While the rise of AVs is a symptom of society in search of efficiency and convenience, it is likely to influence areas beyond transporting people and in ways that will make our communities healthier. As the world becomes smarter, waste is projected to decrease. Soon, we will live in a circular economy that will enable us to recycle or compost everything we produce, creating a chain of sustainable production and closed-loop consumption. Waste removal, recycling, and compost services operated by AVs and executed with careful design have the potential to run discreetly and infrequently. Already, semiautomated garbage trucks exist in several cities in North America doing the work of garbage collectors. As we see in Edmonton, Canada, this saves on resources and eases the physical strain of workers.
Whether by automated truck, a drone, or a six-wheeled robot, deliveries can become agile and elegant just the same. From snail mail to the mass-delivery of goods, reimagining pickups and drop-offs can eradicate the need for complex and cumbersome loading zones. Buildings and homes can adapt by architecting delivery portals, similar to how water is delivered, from distribution center to recipient. Though we have a very long way to go, this way of thinking is slowly unfolding as more warehouses use robots like Amazon’s Kiva to move and transport goods.
With more people moving around outside as communities free up new space, people-oriented environments will overthrow vehicle-serving cities. People-scale lighting, for one, will take safety to a new and lowered level, as we’re seeing with wayfinding systems like +Light Line in Germany and the Netherlands. The LED strip lines the sidewalk’s edge and turns green to indicate “walk” and red for “stop,” alerting preoccupied smartphone users when to cross safely.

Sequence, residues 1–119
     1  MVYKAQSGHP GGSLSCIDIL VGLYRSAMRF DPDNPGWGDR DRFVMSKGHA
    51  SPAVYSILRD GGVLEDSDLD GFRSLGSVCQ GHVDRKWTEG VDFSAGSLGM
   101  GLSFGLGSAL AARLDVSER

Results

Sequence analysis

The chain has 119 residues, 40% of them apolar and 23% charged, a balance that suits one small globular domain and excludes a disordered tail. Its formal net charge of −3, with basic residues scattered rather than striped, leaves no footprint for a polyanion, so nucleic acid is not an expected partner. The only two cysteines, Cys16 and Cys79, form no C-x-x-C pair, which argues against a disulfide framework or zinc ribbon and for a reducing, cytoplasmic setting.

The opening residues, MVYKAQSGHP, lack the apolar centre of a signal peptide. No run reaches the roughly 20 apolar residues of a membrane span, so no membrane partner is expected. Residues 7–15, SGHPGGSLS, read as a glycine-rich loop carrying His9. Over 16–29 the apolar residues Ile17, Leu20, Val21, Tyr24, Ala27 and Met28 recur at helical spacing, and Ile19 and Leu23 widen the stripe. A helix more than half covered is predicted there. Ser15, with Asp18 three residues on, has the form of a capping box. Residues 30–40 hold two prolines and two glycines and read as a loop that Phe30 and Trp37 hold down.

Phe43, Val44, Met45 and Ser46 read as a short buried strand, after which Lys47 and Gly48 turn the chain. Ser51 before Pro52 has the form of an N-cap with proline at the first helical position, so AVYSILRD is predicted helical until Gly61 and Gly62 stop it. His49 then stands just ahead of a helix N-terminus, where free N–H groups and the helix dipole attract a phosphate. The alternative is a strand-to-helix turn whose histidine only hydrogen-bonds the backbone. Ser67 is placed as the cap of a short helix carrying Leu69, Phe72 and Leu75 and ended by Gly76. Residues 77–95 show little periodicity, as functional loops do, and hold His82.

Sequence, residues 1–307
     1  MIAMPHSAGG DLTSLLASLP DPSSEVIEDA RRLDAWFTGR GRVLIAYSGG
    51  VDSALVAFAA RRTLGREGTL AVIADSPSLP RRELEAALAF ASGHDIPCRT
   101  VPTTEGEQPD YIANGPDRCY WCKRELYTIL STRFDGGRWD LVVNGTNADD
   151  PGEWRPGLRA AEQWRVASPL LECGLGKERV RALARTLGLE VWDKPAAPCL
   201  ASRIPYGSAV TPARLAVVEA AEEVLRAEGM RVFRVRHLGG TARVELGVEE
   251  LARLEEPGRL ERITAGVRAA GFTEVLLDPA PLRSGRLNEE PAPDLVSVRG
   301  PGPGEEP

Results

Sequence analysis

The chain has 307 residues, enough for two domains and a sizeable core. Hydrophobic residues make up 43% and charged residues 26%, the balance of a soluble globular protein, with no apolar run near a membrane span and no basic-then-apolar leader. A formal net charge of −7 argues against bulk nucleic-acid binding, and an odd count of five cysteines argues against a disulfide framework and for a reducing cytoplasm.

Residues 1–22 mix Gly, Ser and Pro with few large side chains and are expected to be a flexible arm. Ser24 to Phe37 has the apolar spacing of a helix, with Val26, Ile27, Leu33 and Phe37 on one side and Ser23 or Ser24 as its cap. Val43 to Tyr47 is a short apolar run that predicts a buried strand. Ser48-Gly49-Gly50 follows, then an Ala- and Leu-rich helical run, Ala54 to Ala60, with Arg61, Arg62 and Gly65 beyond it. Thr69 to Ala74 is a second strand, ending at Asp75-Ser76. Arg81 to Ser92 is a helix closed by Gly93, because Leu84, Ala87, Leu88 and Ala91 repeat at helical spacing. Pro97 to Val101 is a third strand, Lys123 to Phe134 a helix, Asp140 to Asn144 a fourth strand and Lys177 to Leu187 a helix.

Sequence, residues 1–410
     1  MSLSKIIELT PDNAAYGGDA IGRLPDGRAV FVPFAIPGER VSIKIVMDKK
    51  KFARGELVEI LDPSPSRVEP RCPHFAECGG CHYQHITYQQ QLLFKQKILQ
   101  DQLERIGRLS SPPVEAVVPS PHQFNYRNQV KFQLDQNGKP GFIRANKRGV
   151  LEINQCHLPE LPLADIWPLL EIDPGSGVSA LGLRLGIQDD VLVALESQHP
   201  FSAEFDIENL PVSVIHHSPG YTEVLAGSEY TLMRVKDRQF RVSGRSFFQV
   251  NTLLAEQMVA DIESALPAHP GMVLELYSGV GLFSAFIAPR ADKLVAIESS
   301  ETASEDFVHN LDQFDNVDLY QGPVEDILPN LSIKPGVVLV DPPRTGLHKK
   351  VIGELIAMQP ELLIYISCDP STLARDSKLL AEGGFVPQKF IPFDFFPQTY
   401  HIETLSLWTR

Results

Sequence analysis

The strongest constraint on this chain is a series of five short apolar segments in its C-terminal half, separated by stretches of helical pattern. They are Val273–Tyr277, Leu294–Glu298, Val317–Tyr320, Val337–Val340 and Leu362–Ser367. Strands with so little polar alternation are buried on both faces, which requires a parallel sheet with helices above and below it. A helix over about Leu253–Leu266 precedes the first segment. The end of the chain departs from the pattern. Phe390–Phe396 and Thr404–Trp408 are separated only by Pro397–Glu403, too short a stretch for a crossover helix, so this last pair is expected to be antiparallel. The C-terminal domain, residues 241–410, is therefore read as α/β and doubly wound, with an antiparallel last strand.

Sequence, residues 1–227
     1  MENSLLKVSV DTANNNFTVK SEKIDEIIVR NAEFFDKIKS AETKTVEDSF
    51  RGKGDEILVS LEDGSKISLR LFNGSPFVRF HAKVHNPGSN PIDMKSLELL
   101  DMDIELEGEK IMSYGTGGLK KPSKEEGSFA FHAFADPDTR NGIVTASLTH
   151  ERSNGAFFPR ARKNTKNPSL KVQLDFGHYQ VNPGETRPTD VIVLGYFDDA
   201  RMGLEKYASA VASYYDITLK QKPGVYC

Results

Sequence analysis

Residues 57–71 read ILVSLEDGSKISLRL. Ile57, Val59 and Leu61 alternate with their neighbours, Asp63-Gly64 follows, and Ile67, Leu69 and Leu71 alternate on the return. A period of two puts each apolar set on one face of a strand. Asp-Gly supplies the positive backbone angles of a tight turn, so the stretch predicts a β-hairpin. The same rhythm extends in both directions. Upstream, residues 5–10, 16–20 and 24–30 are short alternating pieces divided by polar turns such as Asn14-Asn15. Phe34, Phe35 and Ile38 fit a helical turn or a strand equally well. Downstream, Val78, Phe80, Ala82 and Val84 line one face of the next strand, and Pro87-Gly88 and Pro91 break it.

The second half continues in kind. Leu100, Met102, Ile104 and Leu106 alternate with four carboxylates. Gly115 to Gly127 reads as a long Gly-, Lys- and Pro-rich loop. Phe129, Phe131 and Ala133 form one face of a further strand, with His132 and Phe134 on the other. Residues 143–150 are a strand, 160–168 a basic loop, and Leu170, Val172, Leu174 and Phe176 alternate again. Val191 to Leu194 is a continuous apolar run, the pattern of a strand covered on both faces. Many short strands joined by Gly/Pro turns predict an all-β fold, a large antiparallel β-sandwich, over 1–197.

Tall and bulky streetlamps designed to illuminate roadways for vehicles can be replaced with shorter and intimate replacements. This is happening already in Nashville, where short, warmly lit streetlamps are creating environments equally inviting as functional. People-powered lighting has taken off in Las Vegas where LED streetlights powered by solar panels and kinetic footstep pads are illuminating walkways, charging phones, and powering security cameras. With every footstep, four to eight watts of energy is generated, and can save the nearly 100 million metrics tons of CO2 emitted by streetlights each year.
Closing the loop on energy use goes well beyond harmonizing lighting systems. Lakeside cities experiencing record-setting rainfall and water levels like Toronto and Chicago can look to vegetated roofs and rainwater-harvesting systems to waterproof cities. Vegetated roofs absorb rainwater, provide insulation, offer wildlife sanctuary, and control internal and external temperatures, while rainwater-harvesting systems collect rainfall to be cleaned and reused for irrigation, drinking water, and home use.
As we continue to trial and tweak AV tech, let’s benefit from rethinking the power of the real-life environments we share. The solution is in the city, because it has been all along.
Antonio Gomez-Palacio and Alan Boniface are urbanists and city builders at Dialog.